Stuff & Nonsense product and website design

Blogging and all that malarkey

Kerfuffle on the Planet of the Apes

Kingdom of the Planet of the Apes is out and I decided to update one of my responsive easter egg headers—Kerfuffle on the Planet of the Apes—with more efficient, modern code.

CSS Specisithity

Originally published in 2005 and updated in 2024, CSS Specisithity explains how to master specificity using Star Wars metaphors. It’s been credited with helping web designers and developers understand what’s often considered a complex subject.

The popular Contract Killer template

Clarify what’s expected on both sides to help build great relationships between you and your clients. Contract Killer is plain and simple and there’s no legal jargon. It’s customisable to suit your business and has been used on countless web projects since 2008.

Layout Love

I wanted a simple set of layout modules I could call on for design projects, so I developed my own. I call them Layout Love and rather than keep them to myself, I’m offering them to everyone to use which I hope will encourage people to make layouts which are more interesting.

Transcending CSS Revisited

I wrote my first book, Transcending CSS: The Fine Art of Web design, way back in 2006. It became a success and since then I’ve had countless people tell me it was influential in their careers. Transcending CSS Revisited is available to read online for free, with a new foreword by Rachel Andrew.

The story behind Art Direction for the Web

It took much, much longer to produce, and is itself much, much longer than I’d planned, but my fourth book, Art Direction for the Web was published by my friends at Smashing Magazine. Here’s the story behind how it happened.

(Data) Protection Racket

Updated: General Data Protection Regulation (GDPR) templates can cost hundreds of Pounds, so I thought I’d turn my hand to writing a GDPR data protection and privacy policy in the spirit of my Contract Killer. This GDPR template is available to buy.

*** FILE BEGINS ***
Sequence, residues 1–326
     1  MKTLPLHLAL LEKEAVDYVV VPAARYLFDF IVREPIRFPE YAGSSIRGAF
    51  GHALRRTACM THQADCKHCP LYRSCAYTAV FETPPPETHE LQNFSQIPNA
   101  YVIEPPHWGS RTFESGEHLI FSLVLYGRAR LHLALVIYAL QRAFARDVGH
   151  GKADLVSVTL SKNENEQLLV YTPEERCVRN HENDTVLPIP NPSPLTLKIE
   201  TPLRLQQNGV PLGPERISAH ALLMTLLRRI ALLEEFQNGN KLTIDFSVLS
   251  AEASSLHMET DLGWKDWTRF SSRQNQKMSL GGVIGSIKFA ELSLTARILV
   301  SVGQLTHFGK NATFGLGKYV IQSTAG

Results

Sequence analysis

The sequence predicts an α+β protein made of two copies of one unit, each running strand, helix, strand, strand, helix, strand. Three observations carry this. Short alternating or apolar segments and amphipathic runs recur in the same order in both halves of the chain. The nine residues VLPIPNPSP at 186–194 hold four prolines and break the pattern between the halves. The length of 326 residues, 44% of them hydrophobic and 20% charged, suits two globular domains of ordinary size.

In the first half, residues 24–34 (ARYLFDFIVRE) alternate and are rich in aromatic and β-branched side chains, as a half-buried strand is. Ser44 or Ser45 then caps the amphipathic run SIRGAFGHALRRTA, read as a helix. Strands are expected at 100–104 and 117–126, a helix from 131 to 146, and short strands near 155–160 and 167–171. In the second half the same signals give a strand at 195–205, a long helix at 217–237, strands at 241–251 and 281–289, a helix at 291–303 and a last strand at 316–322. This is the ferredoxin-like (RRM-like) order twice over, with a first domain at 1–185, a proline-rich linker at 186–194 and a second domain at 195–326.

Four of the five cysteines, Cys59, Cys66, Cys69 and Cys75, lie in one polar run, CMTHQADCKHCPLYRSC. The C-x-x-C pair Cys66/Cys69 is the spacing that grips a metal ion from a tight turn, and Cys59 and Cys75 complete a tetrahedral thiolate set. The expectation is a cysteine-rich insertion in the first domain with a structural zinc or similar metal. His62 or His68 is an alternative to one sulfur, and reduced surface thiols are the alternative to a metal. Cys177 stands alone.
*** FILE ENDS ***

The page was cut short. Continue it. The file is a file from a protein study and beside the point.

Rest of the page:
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Work I’d like to do in the year ahead

This time last year, I wrapped up my Director of Product Design contract at Nozomi Networks. That was a big change but also an opportunity to evaluate what I’d enjoyed about the role and what I missed from more varied design projects.

Podcast: One Footer in the Grave Episode 15: Vote for me or the baby gets it

It’s UK General Election time and the chaps have gathered to discuss it, but without mentioning politics. What would their top policies be if they were running for office? What do they think of novelty candidates like Count Binface? Plus, why are political party websites so terrible? Andy tells his story about being in the audience for BBC Question Time and the strange tale of designing for an intergalactic space warrior.

Labour’s 1997 election website is lost to history, so I imagined how it might’ve looked

The 2024 General Election is just days away, and opinion polls suggest Labour will win with a majority bigger than 1997. Even though I’m not as excited about Labour’s vision as I was then, I still keep my fingers tightly crossed. As I found a few weeks ago, there’s barely anything left of Labour’s campaign website from its victory in 1997 under Tony Blair. It wasn’t archived by the Wayback Machine, so I imagined what it might’ve looked like.

The Green Party website could be better at promoting their policies, so I imagined how that could be done